Latest Science and Society News

There is a well-documented association between depression and type 2 diabetes that impacts on patients’ control of their diabetes. A new study from researchers in Massachusetts General Hospital and Harvard Medical School, Boston and Yeshiva University and Albert Einstein College of Medicine, both in New York, suggests that specialised cognitive behavioural therapy for these patients significantly improves their diabetes management. This leads to reductions in bloodglucose levels, as well as improving their depression more quickly.

 

A new study suggests that action video games might improve literacy skills in those with dyslexia. Dyslexia, a developmental reading disorder, occurs when there is a problem in certain areas of the brain involved in interpreting language. Dyslexia is the most common learning disability, representing five to 10 percent of the population.

 

John Mayer, the University of New Hampshire psychologist and internationally recognized researcher who co-developed the groundbreaking theory of emotional intelligence, now introduces another paradigm-shifting idea: in order to become our best selves, we use an even broader intelligence—personal intelligence—to understand our own personality and the personalities of the people around us.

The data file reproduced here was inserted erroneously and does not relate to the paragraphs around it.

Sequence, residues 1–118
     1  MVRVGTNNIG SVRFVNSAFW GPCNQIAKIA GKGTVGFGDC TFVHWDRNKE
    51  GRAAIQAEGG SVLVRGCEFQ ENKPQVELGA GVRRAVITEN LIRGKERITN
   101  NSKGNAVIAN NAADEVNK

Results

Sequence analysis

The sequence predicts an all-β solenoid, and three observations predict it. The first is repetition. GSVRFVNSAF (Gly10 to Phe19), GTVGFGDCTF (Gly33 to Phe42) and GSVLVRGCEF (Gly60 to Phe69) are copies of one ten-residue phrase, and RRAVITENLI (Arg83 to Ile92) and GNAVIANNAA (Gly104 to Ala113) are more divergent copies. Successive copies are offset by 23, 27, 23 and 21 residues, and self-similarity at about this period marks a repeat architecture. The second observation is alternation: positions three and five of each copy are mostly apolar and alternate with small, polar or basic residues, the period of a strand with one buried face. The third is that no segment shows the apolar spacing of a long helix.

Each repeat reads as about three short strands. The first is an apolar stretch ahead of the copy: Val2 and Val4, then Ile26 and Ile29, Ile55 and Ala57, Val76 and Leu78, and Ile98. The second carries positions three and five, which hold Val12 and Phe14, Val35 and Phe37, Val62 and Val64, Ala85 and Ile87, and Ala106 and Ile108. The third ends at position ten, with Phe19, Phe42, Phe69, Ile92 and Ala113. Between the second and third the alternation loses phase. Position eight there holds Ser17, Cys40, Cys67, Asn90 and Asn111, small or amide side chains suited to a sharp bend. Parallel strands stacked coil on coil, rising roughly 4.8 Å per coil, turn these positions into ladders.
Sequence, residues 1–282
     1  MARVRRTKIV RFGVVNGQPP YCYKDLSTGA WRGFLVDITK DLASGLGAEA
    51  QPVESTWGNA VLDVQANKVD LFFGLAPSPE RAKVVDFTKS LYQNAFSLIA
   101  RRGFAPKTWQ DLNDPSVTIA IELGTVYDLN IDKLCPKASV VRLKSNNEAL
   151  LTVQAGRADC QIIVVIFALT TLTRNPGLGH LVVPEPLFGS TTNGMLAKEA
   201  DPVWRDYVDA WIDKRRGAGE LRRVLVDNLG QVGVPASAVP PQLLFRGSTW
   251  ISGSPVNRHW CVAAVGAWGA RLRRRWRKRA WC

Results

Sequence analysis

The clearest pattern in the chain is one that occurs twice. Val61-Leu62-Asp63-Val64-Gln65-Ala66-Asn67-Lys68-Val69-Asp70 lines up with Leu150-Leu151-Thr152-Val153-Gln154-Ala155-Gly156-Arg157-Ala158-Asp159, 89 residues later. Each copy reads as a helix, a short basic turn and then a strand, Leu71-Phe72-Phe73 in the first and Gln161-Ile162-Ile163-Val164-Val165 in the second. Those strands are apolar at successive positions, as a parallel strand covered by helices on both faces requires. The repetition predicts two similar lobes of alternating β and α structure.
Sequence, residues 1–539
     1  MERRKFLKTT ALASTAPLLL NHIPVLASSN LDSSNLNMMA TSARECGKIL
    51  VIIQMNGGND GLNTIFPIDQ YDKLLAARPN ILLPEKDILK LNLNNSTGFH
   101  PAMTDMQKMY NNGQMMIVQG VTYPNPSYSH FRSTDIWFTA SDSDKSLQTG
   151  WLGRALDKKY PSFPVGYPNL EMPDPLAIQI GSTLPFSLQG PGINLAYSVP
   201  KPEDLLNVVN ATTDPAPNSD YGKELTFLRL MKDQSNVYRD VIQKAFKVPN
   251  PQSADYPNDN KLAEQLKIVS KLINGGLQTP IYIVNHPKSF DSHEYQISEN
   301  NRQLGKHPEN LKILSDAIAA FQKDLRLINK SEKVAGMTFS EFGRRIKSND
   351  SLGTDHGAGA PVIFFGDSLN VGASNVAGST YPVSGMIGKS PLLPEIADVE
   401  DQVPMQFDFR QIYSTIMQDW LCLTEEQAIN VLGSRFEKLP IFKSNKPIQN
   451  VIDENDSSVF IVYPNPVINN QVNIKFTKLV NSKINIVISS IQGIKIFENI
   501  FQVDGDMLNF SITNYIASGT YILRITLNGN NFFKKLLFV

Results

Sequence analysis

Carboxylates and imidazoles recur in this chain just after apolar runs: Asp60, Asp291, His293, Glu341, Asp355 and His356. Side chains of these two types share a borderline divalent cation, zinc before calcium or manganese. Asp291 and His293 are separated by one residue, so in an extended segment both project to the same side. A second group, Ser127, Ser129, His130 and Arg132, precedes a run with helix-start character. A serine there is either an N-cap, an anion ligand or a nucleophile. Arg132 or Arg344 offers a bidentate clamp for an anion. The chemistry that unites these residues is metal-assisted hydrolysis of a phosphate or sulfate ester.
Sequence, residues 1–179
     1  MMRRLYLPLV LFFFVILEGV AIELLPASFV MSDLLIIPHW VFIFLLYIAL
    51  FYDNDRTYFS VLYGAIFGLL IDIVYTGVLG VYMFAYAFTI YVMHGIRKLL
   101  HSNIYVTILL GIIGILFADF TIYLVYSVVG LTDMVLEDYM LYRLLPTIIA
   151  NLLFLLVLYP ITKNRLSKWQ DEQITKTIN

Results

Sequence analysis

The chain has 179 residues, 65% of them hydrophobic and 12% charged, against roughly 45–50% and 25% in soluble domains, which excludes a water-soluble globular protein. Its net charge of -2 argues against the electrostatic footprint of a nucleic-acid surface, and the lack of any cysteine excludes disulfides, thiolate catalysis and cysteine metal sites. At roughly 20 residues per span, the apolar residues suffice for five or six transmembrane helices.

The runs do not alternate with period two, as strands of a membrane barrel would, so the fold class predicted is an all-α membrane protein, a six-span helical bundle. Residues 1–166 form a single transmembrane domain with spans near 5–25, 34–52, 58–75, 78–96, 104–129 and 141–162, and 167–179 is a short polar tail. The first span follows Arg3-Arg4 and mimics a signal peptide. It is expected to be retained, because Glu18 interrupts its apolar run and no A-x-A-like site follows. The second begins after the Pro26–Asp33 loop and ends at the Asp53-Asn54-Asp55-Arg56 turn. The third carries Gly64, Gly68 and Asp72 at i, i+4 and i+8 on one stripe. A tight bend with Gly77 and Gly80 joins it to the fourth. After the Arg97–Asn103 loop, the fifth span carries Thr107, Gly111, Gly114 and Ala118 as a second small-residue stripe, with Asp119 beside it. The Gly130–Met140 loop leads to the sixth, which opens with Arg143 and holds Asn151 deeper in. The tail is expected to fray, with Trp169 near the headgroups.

A new study of patients with bipolar disorder finds that 36 percent of those who were admitted to a Rhode Island psychiatric hospital  in 2010 were receiving “complex polypharmacy” — four or more psychotropic medications — from their community providers. The polypharmacy rate was significantly higher for women. Including prescriptions for other conditions the patients may have had, the average patient was on six medications.

 

Adolescents with high media use, reduced sleep and low physical activity comprise an 'invisible-risk' group that has high prevalence of psychiatric symptoms, according to a large international study led by researchers at Karolinska Institutet. The results of the study are published in the February issue of World Psychiatry.

 

According to a new study by researchers at the University of Montreal, nightmares have greater emotional impact than bad dreams do, and fear is not always a factor. In fact, it is mostly absent in bad dreams and in a third of nightmares. What is felt, instead, is sadness, confusion, guilt, disgust, etc. For their analysis of 253 nightmares and 431 bad dreams, researchers obtained the narratives of nearly 10,000 dreams. “Physical aggression is the most frequently reported theme in nightmares. Moreover, nightmares become so intense they will wake you up. Bad dreams, on the other hand, are especially haunted by interpersonal conflicts,” write Geneviève Robert and Antonio Zadra, psychology researchers at the Université de Montréal, in the last issue of Sleep.